At the Milošević trial in the Hague, the accused's old political partner and dirtyworker Vojislav Šešelj, himself under indictment and awaiting trial, has been testifying for several days. AP has already noted that the spectacle has revived viewership of the trial proceedings, which had been lagging as the process continues to drag out in its fourth year. And the proceedings have certainly been interesting, from the camaraderie displayed between the co-conspirators to the lectures on pan-Slavic geopolitics Šešelj has to offer, his accusations against political opponents, regardless of whether these opponents have been murdered or those attempts failed, to his denials of responsibility or even knowledge of crimes which are well documented. It all makes for fascinating television, seeing these two people on whom many lives and deaths once depended sharing with one another their truly unusual understanding of just what it was they did.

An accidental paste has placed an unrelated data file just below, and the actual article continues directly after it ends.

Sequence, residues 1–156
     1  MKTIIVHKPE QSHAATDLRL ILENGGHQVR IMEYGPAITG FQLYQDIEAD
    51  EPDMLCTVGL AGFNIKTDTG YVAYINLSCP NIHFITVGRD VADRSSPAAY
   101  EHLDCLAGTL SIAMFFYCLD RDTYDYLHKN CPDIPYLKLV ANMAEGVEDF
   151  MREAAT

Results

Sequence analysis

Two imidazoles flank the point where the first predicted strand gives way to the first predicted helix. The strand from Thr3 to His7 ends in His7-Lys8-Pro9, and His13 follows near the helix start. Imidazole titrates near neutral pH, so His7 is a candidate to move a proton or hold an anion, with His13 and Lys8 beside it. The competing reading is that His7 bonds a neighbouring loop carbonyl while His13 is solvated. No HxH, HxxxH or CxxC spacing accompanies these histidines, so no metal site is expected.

A pointed argument from Vojislav Šešelj. Photo thanks to NNDB.
But the whole exchange between the two is not likely to contribute much to the trial. Most of what Šešelj has had to say has been a combination of his opinion of himself, his opinion of other people, and his already very well known extreme right outlook. The judges have more or less told the defendant as much, which suggests that the testimony is likely to be mostly ignored as evidence. So why are Milošević and Šešelj bothering? The whole event is dedicated to people who are no longer in power repeating the phrases that dominated the media when they were in power. They know that no generally available media outlet has offered any kind of consistent alternative to what they used to offer through the media when they controlled them. Wouldn't it be a sad irony if at the end of their long trials, they lose their legal battles but win the television show?